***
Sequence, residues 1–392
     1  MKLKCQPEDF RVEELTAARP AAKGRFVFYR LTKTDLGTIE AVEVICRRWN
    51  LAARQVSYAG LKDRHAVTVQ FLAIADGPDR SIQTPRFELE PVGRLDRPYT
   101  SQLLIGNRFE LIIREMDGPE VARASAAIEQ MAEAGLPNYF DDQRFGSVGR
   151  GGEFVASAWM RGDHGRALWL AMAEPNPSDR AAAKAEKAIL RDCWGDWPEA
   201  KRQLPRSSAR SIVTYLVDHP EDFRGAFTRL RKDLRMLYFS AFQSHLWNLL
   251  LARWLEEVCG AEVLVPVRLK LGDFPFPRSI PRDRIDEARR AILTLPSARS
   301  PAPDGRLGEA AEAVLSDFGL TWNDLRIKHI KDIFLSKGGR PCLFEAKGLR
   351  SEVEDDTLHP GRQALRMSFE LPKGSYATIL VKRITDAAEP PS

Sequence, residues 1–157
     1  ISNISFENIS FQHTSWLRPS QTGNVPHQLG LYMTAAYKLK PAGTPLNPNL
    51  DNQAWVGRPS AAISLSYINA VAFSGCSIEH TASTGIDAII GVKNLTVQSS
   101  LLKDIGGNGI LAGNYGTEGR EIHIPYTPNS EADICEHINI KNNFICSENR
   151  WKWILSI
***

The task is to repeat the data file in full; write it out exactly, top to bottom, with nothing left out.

Sequence, residues 1–392
     1  MKLKCQPEDF RVEELTAARP AAKGRFVFYR LTKTDLGTIE AVEVICRRWN
    51  LAARQVSYAG LKDRHAVTVQ FLAIADGPDR SIQTPRFELE PVGRLDRPYT
   101  SQLLIGNRFE LIIREMDGPE VARASAAIEQ MAEAGLPNYF DDQRFGSVGR
   151  GGEFVASAWM RGDHGRALWL AMAEPNPSDR AAAKAEKAIL RDCWGDWPEA
   201  KRQLPRSSAR SIVTYLVDHP EDFRGAFTRL RKDLRMLYFS AFQSHLWNLL
   251  LARWLEEVCG AEVLVPVRLK LGDFPFPRSI PRDRIDEARR AILTLPSARS
   301  PAPDGRLGEA AEAVLSDFGL TWNDLRIKHI KDIFLSKGGR PCLFEAKGLR
   351  SEVEDDTLHP GRQALRMSFE LPKGSYATIL VKRITDAAEP PS

Sequence, residues 1–157
     1  ISNISFENIS FQHTSWLRPS QTGNVPHQLG LYMTAAYKLK PAGTPLNPNL
    51  DNQAWVGRPS AAISLSYINA VAFSGCSIEH TASTGIDAII GVKNLTVQSS
   101  LLKDIGGNGI LAGNYGTEGR EIHIPYTPNS EADICEHINI KNNFICSENR
   151  WKWILSI